Family away from home

Marti Haile


Charity Care

Family away from home

Getting beyond the red tape

Getting to graduation

Small costs in large numbers

No one else to ask

Twice Marti Haile had gone to outlying county hospitals with back pain, twice been given pain pills, twice postponed the long return flight to Australia until she felt better.

Early in January, when she awoke unable to walk, struggling to breathe, her friend’s son drove past more than half a dozen emergency rooms to get to the one at Emory University Hospital (EUH).

Admitted for studies, the 45-year-old woman was found to have a large tumor pressing against her spinal cord. Emory surgeons removed some of the tumor, but it was too late to undo the damage to the central nervous system. Haile was transferred to Emory’s Center for Rehabilitation Medicine (CRM) to learn how to live as a quadriplegic, a complex process made more complex because she had to transfer back to EUH every three weeks for a round of intense chemotherapy. Haile, originally from Ethiopia, speaks little English. The CRM has hired an Amharic interpreter.

Haile calls CRM’s Dorothy Reed her “sister,” grateful for the kindness and help that Reed and others at Emory give her every day. What the social services care coordinator cannot do, however, is get the Australian back home or find a way that Emory will ever be reimbursed for the more than $1 million it already has spent on her care, with no easy end in sight. Reed believes she has talked United Airlines into flying Haile home, even with all the complications involved with a severely ill, paralyzed patient. But every hospital Reed has contacted in Australia says it does not have an appropriate bed—and besides, they add, the woman has no suitable discharge plan, no family or friend who will take responsibility for her there. Haile’s health crisis became Emory’s responsibility, legally and financially, and—as Haile would say—like that of family.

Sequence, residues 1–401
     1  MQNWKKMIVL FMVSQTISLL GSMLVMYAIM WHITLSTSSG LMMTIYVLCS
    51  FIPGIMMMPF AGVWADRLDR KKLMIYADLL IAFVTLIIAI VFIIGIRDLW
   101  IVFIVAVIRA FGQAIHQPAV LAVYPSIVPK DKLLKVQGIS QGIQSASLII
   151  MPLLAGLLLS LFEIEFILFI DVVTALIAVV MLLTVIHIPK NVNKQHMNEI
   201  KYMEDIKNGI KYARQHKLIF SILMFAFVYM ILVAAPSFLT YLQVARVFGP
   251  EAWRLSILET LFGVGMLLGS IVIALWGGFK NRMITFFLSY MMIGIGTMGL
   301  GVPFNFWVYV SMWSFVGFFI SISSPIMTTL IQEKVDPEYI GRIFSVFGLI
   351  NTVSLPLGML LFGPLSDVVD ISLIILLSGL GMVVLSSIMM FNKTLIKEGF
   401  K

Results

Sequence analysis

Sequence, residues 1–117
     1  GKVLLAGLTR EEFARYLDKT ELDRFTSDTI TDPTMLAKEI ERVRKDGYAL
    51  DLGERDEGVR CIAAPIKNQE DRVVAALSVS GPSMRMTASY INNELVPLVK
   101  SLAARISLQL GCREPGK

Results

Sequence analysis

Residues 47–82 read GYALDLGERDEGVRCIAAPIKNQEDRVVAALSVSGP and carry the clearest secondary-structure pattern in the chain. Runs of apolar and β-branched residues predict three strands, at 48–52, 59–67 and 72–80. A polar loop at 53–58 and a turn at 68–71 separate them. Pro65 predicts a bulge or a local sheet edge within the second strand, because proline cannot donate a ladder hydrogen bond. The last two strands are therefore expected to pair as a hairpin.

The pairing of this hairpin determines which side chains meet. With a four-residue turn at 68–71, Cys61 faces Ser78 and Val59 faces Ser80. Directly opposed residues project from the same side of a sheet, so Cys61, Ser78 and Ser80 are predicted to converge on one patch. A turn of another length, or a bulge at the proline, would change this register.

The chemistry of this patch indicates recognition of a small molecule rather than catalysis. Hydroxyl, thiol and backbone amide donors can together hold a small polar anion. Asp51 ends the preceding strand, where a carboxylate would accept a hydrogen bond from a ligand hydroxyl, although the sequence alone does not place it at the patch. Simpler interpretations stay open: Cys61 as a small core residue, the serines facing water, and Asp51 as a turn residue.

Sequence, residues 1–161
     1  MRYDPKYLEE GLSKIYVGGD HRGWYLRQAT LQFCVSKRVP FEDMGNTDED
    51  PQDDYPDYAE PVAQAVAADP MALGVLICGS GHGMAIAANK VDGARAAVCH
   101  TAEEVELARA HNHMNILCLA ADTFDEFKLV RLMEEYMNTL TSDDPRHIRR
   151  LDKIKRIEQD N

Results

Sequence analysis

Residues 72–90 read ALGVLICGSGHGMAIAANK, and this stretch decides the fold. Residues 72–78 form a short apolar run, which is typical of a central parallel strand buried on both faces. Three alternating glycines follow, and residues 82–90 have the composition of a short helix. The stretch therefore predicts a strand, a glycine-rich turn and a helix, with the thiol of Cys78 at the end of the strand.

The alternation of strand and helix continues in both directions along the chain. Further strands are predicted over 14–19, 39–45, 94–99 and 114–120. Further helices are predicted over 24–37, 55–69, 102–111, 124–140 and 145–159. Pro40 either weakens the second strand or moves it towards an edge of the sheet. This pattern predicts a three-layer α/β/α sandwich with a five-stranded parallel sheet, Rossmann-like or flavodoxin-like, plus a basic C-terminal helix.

Dorothy Reed  

Social workers often can help get the most vulnerable patients access to different types of public and private aid. What can be harder is finding a facility to care for them once they’re able to leave the hospital.


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